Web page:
Fantastic Mr. Fox: He’s a twenty-first century fox!

Wes! I missed you so much!

I’ve done some soul-searching re: Wes Anderson. According to me (but not all of his die-hard fans), the guy made some seriously good movies at first (Bottle Rocket, Rushmore, The Royal Tenenbaums), but then succumbed to a rut during which he remade the same movie a couple more times (The Life Aquatic, Darjeeling Limited). While better than the average director’s worst movies, I had to come to a tearful conclusion that I could no longer pretend to be astounded and amazed by what was starting to resemble a one-trick pony.

Fantastic_mr_foxEither I’m just a huge sucker for sardonic foxes who entertain child and adult alike, or switching genres and audiences can really restart a stalled talent’s engines. After more of this soul-searching, I’ve decided that the answer is c) all of the above. It’s true that if both a copy of Roald Dahl’s brief children’s work Fantastic Mr. Fox and a DVD of Rushmore can be found among your treasured possessions, you will not be disappointed, but this movie works regardless of any sentimental attachments you might have.

For one, it’s stop animation. EVERYONE likes stop animation. It’s furry, it’s fuzzy, it brings to mind the holiday movies of our youth. For two, it’s George Clooney and Meryl Streep. And Jason Schwartzman. And Bill Murray! Beloved actors, all, but with interesting new faces. For three, it’s not just based on a book by one of the greatest children’s authors of all time, it’s based on the original illustrations by Donald Chaffin. These illustrations are beautifully humorous in their composition in the exact same way that Anderson’s movies are beautifully humorous in their composition. Those ironic good looks arranged overtop a solid skeleton of a classically funny Dahl story — and it’s People’s Sexiest Movie Alive.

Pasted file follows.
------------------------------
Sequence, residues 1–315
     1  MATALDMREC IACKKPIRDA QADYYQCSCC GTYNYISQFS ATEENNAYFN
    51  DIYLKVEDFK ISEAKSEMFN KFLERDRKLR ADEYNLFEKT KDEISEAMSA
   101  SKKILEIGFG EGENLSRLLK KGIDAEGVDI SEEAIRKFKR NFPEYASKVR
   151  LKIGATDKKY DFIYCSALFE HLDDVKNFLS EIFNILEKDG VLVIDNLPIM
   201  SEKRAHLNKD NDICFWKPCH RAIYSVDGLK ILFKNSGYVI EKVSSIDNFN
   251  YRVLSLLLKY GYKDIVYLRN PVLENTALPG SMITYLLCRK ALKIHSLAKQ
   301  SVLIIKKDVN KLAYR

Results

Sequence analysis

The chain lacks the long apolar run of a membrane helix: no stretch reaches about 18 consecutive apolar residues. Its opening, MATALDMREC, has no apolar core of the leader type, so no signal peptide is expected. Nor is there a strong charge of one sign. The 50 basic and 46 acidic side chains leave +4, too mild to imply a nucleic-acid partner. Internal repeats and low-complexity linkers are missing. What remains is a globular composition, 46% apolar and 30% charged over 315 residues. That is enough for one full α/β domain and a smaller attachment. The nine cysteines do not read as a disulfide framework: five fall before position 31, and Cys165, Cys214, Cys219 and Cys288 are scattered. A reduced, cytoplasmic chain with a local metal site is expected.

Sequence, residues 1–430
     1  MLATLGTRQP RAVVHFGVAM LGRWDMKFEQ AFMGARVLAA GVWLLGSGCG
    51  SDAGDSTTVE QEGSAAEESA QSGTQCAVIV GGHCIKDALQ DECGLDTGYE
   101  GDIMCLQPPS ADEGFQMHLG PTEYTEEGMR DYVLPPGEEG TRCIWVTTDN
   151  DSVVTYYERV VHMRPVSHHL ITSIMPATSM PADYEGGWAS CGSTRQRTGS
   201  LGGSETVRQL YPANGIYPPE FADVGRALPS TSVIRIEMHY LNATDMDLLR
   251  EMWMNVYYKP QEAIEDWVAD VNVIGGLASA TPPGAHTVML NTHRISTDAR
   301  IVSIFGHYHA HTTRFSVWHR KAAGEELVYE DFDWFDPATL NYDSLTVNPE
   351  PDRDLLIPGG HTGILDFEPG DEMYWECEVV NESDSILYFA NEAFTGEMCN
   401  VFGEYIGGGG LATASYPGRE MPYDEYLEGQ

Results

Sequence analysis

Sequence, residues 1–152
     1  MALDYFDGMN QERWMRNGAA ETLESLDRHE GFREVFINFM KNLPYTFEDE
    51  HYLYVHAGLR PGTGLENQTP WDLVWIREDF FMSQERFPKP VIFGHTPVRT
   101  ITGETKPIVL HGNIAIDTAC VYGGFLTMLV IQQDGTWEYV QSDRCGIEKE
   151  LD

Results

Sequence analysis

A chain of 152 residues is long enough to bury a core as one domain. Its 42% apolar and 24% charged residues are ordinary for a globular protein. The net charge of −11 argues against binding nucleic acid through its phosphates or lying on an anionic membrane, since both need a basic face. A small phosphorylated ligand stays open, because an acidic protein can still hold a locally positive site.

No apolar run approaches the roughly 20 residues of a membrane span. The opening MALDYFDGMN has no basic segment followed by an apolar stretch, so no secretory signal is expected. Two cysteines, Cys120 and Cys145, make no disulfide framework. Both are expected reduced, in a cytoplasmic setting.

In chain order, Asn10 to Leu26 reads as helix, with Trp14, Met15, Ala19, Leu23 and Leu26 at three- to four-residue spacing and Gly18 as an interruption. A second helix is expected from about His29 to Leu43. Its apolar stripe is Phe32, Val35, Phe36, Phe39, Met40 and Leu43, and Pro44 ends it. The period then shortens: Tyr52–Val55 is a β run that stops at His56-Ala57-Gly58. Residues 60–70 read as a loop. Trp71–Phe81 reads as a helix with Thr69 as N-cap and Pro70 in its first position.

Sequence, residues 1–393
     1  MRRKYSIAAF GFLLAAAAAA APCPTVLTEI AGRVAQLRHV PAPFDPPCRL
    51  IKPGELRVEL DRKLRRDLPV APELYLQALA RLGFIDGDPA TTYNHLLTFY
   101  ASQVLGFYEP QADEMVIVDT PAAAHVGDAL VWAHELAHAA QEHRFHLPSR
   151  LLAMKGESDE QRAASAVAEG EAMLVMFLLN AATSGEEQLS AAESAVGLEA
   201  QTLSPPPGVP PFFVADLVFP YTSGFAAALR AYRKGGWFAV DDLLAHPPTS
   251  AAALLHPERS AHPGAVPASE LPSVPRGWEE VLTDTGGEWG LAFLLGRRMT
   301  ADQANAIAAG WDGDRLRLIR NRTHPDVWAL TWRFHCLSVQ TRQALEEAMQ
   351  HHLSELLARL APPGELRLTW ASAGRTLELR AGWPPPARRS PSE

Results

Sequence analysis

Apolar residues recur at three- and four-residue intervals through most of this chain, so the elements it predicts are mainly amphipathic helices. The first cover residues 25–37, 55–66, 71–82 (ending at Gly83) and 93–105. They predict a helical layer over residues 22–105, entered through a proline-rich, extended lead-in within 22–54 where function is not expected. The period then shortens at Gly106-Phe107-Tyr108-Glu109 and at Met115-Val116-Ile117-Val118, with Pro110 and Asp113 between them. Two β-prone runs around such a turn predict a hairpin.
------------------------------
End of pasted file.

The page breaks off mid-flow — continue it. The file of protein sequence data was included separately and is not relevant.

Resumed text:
That may be the wrong analogy for a family movie, but I’m hoping you get my drift. All of the elements on their own are good. They achieve their purpose. Put together, it’s the best movie I’ve seen this year*, and certainly the most surprising in that I would never have predicted Anderson’s seamless move from quirky comedy to quirky family animated British-children’s-classic-based comedy.

I’ll be cussed if it doesn’t work almost perfectly, though, with the only minor flaw being a little lagging boredom near the end as the point gets driven home too many times. You can’t blame that on Dahl, either, since the audience’s interest starts to flag at almost exactly the point at which the original story arc ends and the extension begins. My delight and relief with the success of this whole operation was enough to bolster me through the seventh-inning slump, and yours will be too.

I’m just hoping Wes won’t take this as an open invitation to direct the animated adaptation of all Roald Dahl books.** If we’ve learned anything from this, it’s that, while your films can and should have a common style, diversity is key. We also learned that evidently I feel like I can give Wes Anderson unsolicited and inexpert advice whenever I please. Eh, there is hope for at least one of us.

*Possible exception: Drag Me to Hell.
**Although maybe we’d get some Luke Wilson, finally.

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Susan Howson

Susan Howson is managing editor for this very website. She writes THE BEST bios.

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  1. Great review. I can see why it can be so easy for Anderson too, with his recurring cast of characters (those mentioned above and Owen Wilson) who could make reading the dictionary hilarious.

  2. Anne Marie on said:

    Thanks for the great review Susan. Was wondering if this movie is worth my $10, now I know!

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